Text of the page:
No matter the mother, the PPW-OUD program’s structure follows a template. “The moms come to me at some point in their pregnancy—anything from six weeks pregnant to term,” Anderson said. “We work in tandem with OB-GYNs to create a birth plan, then we work with each mom until their baby is one year old.” Each case’s details, though, are more complex. Anderson said many participants deal with personal trauma, substance use, a partner’s substance use, domestic violence, custody battles, housing issues, and ongoing court cases. 

Accordingly, Anderson’s most critical skill in her work is compassion. “People often look at women who use drugs negatively, and the women don’t feel respected,” Anderson said. “So giving them basic human decency and respect goes a long way.”

Given each case’s complexities, Anderson is careful not to overstep a participant’s boundaries. “For me, I don’t want to give them the end goal,” Anderson said. Instead, the participant creates goals, and Anderson makes sure they’re viable and safe. “We have a care plan for their recovery,” Anderson said, “and then a care plan for their overall health and their baby’s health.”

Initially, Daniels found it challenging to envision a goal. “Sometimes it’s hard when you haven’t set goals in a long time, to actually reach in and find those things, like what it is that you actually want,” Daniels said.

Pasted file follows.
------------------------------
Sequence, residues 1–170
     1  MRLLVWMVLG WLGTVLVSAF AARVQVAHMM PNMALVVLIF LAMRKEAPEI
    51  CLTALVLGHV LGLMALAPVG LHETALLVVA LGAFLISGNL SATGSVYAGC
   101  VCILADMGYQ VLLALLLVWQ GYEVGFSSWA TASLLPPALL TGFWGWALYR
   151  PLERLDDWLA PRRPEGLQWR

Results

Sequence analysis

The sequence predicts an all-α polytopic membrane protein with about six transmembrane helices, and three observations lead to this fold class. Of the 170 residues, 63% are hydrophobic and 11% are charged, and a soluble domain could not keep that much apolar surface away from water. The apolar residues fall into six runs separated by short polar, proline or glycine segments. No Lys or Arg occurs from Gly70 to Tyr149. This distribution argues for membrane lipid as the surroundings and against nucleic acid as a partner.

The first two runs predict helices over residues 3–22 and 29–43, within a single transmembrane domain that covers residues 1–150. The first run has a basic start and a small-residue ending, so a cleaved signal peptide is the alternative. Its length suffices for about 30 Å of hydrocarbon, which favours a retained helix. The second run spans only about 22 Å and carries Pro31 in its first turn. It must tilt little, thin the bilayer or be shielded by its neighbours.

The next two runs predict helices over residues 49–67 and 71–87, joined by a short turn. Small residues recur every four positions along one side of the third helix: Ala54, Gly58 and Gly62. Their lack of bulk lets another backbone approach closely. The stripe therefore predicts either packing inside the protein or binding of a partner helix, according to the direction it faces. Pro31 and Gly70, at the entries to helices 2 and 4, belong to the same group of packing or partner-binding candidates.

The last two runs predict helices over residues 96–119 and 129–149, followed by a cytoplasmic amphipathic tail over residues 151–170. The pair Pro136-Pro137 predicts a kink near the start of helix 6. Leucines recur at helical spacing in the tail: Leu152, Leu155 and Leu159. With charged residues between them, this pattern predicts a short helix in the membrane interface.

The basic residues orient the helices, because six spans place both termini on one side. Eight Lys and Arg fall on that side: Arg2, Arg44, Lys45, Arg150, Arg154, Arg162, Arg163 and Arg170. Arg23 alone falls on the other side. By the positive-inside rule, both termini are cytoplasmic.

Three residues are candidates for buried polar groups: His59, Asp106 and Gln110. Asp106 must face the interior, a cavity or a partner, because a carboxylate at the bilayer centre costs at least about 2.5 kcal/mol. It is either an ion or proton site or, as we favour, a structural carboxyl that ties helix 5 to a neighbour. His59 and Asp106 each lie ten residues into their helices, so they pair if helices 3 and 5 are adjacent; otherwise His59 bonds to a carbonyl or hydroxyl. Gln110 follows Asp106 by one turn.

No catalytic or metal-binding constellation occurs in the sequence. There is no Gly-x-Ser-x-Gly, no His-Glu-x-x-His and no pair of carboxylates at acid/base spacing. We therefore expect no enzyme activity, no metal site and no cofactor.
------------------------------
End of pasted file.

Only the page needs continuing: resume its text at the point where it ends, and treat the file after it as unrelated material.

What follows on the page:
Then, she gave birth to Elyiah, and her goals became clear. “I want to be a healthy mom for her,” Daniels said. 

But Daniels’ vision extends beyond Elyiah. “I have other children that I don’t have custody of due to my drug addiction, so she’s a chance at redemption for me,” she said. “And I get to try to do it differently this time and bring my other children in our lives when I get myself strong enough, so I know I won’t let them down.”

Central to Daniels’ vision is the bond between her and Elyiah. “I have a strong love for myself that I want to kind of nurture and help myself grow,” she said. “And I want Elyiah to love herself, so I have to show her those things.”

Elyiah is currently eight months old, and Daniels hasn’t used drugs in thirteen months. Until her release from electronic detention on March 26, 2021, she can only leave her mother-in-law’s house for approved shopping trips and socially distant visits with Anderson. She can’t work.

But Daniels is looking forward to freedom, work, and motherhood. “I can’t wait to get a job and go to work and come home and see the look on my baby’s face, so I know she’s excited to see me and happy I’m home.”

For more information on the Jadonal E. Ford Center call (773) 474-7264. 

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Alex Shur is a journalist focused on social services, immigration, the opioid epidemic and social justice issues. Alex is currently pursuing an M.S. in Journalism from Northwestern University. This is his first piece for the Weekly.